Photo by Patrick Mulvihill
OIL CARS stopped in Mosier after a train derailment June 3, 2016, seen from the Rock Creek area just east of the wrecked cars. A Washington state energy panel has recommended denial of an oil train terminal in Vancouver. The decision took place after years of opposition from Gorge activists and elected leaders against fossil fuel trains.
As of Friday, December 1, 2017
A Washington state energy panel has recommended denial of a proposed riverside oil train terminal in Vancouver that has drawn controversy in Columbia Gorge communities.
The state’s Energy Facility Site Evaluation Council (EFSEC) decided in a unanimous vote that the terminal’s developers did not meet the burden of proof to show the Port of Vancouver site on the Columbia River was acceptable.
However, the decision on whether to approve the project falls to Gov. Jay Inslee. EFSEC is expected to finalize their recommendation and forward it to the governor Dec. 19.
Vancouver Energy, a joint venture of Tesoro-Savage, pitched the oil hub plan in 2013. The facility would handle 360,000 barrels of oil per day from trains for storage, then loading onto tankers and ships bound for West Coast refineries.
Several elected leaders in Hood River, and environmental groups such as Friends of the Columbia Gorge and Columbia Riverkeeper, have spoken out against the project, as have representatives from other cities in the Gorge, citing environmental risks.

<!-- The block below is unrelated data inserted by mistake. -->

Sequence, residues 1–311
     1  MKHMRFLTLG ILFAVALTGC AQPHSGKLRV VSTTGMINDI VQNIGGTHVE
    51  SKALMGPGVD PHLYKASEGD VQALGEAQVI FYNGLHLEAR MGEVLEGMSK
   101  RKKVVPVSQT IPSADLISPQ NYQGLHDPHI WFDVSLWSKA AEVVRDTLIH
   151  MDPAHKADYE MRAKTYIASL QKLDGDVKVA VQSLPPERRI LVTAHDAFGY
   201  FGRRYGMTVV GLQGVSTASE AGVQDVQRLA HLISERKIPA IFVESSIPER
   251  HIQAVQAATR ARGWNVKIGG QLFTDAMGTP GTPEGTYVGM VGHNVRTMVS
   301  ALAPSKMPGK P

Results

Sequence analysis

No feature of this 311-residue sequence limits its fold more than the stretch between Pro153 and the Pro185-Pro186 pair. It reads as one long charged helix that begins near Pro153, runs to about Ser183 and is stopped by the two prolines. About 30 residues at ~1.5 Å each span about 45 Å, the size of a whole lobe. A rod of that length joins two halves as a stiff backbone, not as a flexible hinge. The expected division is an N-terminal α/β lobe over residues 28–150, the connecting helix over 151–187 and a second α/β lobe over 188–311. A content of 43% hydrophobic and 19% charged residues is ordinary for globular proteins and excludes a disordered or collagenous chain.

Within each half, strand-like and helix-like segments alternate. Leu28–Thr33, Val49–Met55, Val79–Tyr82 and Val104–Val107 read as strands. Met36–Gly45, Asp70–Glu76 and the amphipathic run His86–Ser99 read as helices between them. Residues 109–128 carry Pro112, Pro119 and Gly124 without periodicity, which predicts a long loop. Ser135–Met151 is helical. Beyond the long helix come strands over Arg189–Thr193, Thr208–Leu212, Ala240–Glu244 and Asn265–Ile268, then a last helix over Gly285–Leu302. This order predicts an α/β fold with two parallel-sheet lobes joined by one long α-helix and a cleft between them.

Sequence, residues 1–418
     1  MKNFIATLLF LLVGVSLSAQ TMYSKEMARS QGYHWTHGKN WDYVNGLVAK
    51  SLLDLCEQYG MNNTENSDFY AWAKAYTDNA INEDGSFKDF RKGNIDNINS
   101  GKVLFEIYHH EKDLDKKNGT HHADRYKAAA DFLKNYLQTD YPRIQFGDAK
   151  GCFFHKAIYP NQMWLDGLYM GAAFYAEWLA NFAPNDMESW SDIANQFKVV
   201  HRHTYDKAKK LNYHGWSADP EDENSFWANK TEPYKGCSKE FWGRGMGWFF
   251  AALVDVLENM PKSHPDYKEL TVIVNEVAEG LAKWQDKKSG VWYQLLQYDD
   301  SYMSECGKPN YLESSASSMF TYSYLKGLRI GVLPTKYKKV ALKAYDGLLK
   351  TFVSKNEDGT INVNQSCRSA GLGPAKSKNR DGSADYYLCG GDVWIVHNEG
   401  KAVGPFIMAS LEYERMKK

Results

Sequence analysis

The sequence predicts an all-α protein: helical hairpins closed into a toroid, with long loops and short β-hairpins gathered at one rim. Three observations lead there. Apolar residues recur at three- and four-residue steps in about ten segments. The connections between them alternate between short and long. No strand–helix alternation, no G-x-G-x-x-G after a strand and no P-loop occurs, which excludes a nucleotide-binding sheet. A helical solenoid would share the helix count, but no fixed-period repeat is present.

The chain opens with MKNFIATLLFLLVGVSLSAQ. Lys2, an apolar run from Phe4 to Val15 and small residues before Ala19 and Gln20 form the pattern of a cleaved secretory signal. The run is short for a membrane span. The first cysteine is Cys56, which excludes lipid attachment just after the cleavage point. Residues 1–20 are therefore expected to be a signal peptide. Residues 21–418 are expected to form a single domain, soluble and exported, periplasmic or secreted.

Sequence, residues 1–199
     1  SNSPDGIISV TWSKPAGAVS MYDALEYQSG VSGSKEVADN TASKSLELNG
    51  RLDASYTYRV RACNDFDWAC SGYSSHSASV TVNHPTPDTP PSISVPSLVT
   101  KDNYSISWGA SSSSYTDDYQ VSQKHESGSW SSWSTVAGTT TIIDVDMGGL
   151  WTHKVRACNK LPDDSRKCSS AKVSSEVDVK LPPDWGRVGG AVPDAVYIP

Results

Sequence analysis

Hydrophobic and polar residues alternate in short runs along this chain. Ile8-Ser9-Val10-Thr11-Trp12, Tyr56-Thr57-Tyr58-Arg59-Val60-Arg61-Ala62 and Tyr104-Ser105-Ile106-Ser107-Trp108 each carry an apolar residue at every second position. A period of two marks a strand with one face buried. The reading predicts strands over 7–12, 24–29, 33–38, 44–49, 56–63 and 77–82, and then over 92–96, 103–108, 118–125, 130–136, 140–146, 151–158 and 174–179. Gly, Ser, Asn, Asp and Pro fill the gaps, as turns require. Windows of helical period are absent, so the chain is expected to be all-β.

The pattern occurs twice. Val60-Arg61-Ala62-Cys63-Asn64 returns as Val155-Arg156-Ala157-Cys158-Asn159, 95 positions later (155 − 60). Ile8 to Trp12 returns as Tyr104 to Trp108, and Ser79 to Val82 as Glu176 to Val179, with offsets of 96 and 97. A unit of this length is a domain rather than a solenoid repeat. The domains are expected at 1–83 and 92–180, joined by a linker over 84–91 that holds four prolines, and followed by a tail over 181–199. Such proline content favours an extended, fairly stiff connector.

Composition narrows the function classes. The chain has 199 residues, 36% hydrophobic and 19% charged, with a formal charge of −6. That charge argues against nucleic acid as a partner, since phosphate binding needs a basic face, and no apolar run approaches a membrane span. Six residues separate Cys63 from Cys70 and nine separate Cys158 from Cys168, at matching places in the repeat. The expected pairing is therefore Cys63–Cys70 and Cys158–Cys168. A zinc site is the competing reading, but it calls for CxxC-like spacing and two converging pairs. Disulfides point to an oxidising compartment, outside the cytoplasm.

Michael Lang, Friends conservation director, termed the panel’s Nov. 28 unanimous decision “powerful.”
“It’s a huge victory for the Columbia River Gorge and the city of Vancouver … these unit trains of oil are very dangerous,” Lang said Tuesday.
“EFSEC made the right decision.”
Developers have asserted that the distribution terminal would follow environmental safeguards and create jobs.
Vancouver Energy told media outlets in an emailed statement Tuesday that the company was disappointed by EFSEC’s decision.
The panel “has set an impossible standard for new energy facilities based on the risk of incidents that the Final Environmental Impact Statement characterizes as extremely unlikely,” Jeff Hymas, a Vancouver Energy spokesman, told the Associated Press.
(Hymas referred to regulators’ environmental impact statement, which outlined project risks.)
Inslee will have 60 days to respond to the recommendation, upon receiving it.
Lang explained that during a follow-up time period, interested parties such as Tesoro-Savage and others could file motions against the decision, leading to an additional legal process.
EFSEC, along with its decision, directed staff to draft final language for adoption in December.
Phuong Le of the Associated Press contributed to this report.